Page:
Ksenia: So it's a longer educational process for them?

Che Chang: I think it will be a very quick process. But a lot of the core educational pieces are happening now – how it works, the risks, etc. People hear about risks but also see good use cases. The details in between are still murky.

Ksenia: What are the particular challenges in working across different jurisdictions?

Che Chang: Different countries and regions have slightly different approaches to regulation. Some want one overarching framework, but that will be challenging – the term "AI" is so broad, it’s not a clear regulatory term. It means anything you want it to mean. It means any behavior that a machine can do, that a person can do. It’s going to be challenging to regulate all machine behavior with one law. We don't have one law that regulates human behavior. We have lots and lots of laws. So it’s going to be challenging.

Some countries are more sector specific, thinking about industries and use cases. Others are somewhere in between. But the theme is everyone wants to understand proper regulation.

Not a great outcome would be if every country have slightly different frameworks you have to think about when using these technologies.

We're hopeful that the global conversation leads to more standardized, understandable global standards. But international coordination on anything is challenging, especially new tech.

Ksenia: How does your team navigate this?

Che Chang: A lot now is education. We do a lot of traveling to go talk to them, meet with them in person. Recently, White House announced commitments from major AI labs. UK discussing a summit. Japan and others are stepping in too. We hire good people, read, follow up, and think hard about the issues.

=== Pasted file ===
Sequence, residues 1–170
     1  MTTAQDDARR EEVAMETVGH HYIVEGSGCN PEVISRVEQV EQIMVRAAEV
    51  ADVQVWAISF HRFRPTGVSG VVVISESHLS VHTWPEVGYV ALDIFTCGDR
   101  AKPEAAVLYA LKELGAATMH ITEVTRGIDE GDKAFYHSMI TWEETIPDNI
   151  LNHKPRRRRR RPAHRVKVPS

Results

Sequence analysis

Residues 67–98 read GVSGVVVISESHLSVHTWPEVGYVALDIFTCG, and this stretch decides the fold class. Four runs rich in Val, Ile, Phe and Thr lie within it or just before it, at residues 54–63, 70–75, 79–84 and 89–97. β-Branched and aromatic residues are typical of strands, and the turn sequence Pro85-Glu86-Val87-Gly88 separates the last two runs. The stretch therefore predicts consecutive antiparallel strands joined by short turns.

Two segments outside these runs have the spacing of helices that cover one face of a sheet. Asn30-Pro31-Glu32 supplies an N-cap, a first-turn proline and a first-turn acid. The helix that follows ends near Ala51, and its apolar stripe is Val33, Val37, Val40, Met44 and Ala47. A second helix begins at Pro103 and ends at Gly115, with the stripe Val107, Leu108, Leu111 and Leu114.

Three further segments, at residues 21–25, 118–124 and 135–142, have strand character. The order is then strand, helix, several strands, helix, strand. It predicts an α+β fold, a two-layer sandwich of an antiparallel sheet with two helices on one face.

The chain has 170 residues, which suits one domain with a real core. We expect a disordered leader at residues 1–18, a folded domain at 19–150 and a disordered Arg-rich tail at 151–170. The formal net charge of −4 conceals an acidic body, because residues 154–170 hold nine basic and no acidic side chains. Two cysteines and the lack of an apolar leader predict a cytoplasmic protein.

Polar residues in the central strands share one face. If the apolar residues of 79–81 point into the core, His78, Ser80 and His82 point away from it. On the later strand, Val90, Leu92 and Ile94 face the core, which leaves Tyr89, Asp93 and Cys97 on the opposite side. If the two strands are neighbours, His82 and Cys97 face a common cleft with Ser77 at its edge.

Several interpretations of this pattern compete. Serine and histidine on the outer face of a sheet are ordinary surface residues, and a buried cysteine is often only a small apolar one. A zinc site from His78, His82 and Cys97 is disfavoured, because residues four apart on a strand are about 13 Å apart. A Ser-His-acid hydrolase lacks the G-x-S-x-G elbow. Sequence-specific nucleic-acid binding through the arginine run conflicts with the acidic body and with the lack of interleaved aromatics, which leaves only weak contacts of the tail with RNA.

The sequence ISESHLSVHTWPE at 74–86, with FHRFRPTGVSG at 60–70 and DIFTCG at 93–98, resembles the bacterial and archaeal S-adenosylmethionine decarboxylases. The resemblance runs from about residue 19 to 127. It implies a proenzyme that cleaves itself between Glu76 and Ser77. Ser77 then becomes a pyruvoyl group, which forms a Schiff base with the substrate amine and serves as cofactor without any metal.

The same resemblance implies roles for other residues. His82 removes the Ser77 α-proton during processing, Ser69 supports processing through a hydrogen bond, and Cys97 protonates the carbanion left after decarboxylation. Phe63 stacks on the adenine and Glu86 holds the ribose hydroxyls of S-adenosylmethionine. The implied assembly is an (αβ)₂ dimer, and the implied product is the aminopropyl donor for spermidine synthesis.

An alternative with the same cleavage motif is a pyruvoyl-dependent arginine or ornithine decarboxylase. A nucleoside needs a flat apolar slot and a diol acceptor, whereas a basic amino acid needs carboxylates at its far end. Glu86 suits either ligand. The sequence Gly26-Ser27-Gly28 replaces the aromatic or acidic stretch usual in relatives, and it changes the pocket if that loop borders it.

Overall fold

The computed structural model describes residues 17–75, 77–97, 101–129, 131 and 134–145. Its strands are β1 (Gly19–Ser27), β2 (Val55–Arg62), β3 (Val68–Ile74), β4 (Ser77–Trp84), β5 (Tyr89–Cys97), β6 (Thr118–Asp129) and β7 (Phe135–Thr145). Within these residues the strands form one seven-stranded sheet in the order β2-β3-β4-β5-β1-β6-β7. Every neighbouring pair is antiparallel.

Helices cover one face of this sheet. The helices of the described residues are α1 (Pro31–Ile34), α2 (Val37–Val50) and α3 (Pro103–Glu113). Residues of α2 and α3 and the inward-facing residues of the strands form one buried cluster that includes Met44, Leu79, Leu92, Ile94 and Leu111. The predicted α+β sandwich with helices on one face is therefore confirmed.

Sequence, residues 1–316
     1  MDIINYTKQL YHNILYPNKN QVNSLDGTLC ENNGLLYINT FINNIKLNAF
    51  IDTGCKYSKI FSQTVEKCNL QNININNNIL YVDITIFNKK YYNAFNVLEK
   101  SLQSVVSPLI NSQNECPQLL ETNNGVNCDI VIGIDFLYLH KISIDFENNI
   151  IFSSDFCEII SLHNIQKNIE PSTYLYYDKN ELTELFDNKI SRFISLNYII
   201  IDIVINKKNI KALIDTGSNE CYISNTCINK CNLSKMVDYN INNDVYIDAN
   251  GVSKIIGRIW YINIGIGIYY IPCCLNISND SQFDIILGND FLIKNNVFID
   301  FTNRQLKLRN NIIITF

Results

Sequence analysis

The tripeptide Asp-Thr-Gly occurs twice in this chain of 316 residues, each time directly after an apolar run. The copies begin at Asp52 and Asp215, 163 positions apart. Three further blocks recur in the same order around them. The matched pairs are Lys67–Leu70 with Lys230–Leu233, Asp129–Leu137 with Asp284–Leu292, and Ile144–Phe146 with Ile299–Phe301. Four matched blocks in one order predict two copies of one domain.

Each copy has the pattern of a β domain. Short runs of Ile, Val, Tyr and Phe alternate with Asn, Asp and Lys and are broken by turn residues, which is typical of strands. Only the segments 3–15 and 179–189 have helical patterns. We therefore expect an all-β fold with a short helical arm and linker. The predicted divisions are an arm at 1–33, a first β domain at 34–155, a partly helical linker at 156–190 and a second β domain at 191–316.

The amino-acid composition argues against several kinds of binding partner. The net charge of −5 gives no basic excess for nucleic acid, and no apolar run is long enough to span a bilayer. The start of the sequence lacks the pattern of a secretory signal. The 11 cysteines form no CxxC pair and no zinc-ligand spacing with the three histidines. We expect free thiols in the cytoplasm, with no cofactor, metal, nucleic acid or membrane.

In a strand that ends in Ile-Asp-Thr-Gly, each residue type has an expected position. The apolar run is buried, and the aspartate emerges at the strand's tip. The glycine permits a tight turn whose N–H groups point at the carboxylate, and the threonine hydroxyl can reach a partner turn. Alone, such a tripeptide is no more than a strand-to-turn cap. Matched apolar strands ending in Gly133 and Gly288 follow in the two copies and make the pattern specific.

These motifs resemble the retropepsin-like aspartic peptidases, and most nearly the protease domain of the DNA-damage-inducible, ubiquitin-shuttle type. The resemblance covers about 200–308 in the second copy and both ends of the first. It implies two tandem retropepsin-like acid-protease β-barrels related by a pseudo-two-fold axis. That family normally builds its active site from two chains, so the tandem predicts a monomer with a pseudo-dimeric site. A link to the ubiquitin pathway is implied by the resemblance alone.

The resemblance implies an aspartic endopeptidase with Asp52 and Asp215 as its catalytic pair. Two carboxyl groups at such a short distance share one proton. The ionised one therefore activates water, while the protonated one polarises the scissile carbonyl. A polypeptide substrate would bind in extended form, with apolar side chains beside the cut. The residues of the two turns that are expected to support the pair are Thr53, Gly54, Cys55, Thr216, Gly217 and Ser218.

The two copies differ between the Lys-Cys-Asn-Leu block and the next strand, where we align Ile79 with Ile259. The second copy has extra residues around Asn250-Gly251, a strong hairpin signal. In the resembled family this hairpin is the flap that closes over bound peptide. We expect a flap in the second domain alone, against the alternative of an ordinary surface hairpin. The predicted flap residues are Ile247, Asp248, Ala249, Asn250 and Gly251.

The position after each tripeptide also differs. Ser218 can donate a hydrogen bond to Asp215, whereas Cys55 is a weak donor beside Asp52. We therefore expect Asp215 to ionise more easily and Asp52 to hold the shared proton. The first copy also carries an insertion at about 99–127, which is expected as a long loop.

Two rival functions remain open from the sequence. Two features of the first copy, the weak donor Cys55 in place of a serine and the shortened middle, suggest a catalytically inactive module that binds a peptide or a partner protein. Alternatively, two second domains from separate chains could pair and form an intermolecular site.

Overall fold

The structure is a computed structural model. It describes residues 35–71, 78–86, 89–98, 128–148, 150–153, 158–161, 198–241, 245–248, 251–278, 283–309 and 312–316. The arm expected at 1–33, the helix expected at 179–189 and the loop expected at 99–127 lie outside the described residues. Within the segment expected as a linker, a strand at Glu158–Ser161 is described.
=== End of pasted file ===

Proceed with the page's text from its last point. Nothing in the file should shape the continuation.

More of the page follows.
For me, when you think about a disruptive new technology, you try to analogize what it’s doing to what people are familiar with. If you simplify the current generation of machine learning, it’s analyzing historical data to make a prediction about the future. With that framework you can anticipate a lot of regulatory concerns. There may be scenarios where historical data may be biased/inaccurate or not a good indicator to rely on. And a prediction about the future is not the right answer or a guarantee of an answer – there are scenarios where predictions are great, and others where predictions should be vetted by people, or where predictions shouldn’t be used at all. Balancing those will be key in any framework.

Ksenia: What would be your ideal way for policymakers to approach regulating this landscape?

Che Chang: Learn about what you are doing, think about positive stuff that is happening, think about areas such as highly regulated industries where relying on historical data and predictions may be dangerous and challenging – those are areas that will take a lot of time and focus. Painting everything with one brush will be hard. But I think the governments generally approaching it the right way – they are curious, worried, but still trying to genuinely understand so they can do the right thing. I haven't met any regulator or policymaker who doesn't get it at all – degree of education differs but all are eager, smart and ask nuanced questions. It's just a hard topic but they are approaching it the right way.